Boomers must have loved minivans … well, comme ci, comme ςa
There’s a popular misconception that Boomers and older Gen Xers must have loved minivans. Just look at the numbers: over 20 million were sold between 1985 and 2005.
When Plymouth Voyager and Dodge Caravan arrived in 1983, except for the VW van – sales of which were only 14,700 that year (HT Left-Lane.com) – there was no such category as “minivan.”
Thanks to their brilliant design brief, the Chrysler twins were pretty much an instant hit; they sold 210,000 units in their launch year, more than doubling to 474,000 by 1987.
The peak year was 2000 (1.37 million), but sales still topped 1.1 million in 2005 before a steep decline back to late-80s levels today.
Conventional wisdom claims that mommy-mobile imagery has finally marginalized the minivan to those who – ugh! – actually like that sort of thing. The truth is that a solid block of buyers don’t like minivans all that much.
Even in their heyday, there was major resistance. Many buyers were drawn – kicking and screaming – by their logical left brains to a utilitarian purchase that gave their emotional right brains the shivers.
Freud would have understood. Consider the ingrained van imagery that prowled through prospects’ nightmares in the mid-1980s …
Vans were for – choose your poison: blue-collar work; neo-rednecks à la Ford Club Wagon (see below, outside a gun store); hippies; party animals in gaudy rolling bachelor pads that sent fathers reaching for their shotguns when the boogie-wagon arrived to pick up Cindi, Debbi or Traci for a date.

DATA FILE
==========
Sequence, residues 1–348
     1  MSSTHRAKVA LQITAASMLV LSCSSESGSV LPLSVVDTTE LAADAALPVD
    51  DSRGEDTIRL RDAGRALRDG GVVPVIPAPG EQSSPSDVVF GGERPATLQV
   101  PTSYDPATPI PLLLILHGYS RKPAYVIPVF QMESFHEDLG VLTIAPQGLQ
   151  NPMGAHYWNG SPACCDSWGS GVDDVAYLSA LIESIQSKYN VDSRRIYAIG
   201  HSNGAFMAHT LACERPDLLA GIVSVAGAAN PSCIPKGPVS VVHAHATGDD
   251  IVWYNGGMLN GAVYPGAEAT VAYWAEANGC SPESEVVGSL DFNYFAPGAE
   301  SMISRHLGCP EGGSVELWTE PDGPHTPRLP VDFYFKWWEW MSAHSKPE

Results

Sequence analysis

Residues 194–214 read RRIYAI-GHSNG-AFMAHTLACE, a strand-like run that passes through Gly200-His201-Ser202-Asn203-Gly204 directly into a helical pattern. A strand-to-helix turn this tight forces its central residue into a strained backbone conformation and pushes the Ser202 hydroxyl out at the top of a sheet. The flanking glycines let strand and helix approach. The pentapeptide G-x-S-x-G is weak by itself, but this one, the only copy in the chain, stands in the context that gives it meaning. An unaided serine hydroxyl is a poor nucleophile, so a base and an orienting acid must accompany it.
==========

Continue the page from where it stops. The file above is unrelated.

Minivan culture: from cupcakes to Listerine on wheels
Back in the day, most early minivan advantages were practical rather than emotional:
- Visibility/control: sit higher than in a car – the command position
- Car-like handling and fuel efficiency vs. classic station wagons
- Big side door: easy to load children and attach their car-seats
- Removable rear seats: accommodate occasional bulky items
- Hatchback and low load height: great for all kinds of family “stuff”
- Pass-through: mom could move front to back to tend to kids
However, aside from full size van imagery, there were ’80s era emotional barriers:
- Detroit: many ’80s yuppies previously owned on-trend imports
- Brand: after a major financial crisis, Chrysler cachet was at low ebb
- Reliability: usual new model jitters overlaid on Chrysler survivability
- “I’m a boring parent” signal: no more harmless stoplight flirtations
- Hatchback: strong associations with cheap econo-boxes of the era
- Boxy, dated lines in a world that was rapidly going aerodynamic.
Minivan buyer attitudes spanned a continuum running from cupcakes to Listerine on wheels. Depending on our kids’ behavior on any given day, most of us skittered back and forth between the two zones.
For them, the minivan symbolized family-first – old-fashioned and corny, perhaps, but warm and fuzzy. McDonald’s Happy Meals and cupcakes, S’mores and hot chocolate. What could be nicer?
When SUVs boomed and added third row seating, by 2000 many “Listerine” buyers who could afford to switch did so – gratefully.
But the key word is “afford.” To get comparable interior volume in an SUV meant, and still means in 2016, a major jump in price. Minivan world remained a schizophrenic place where many still drive the taste they hate twice a day.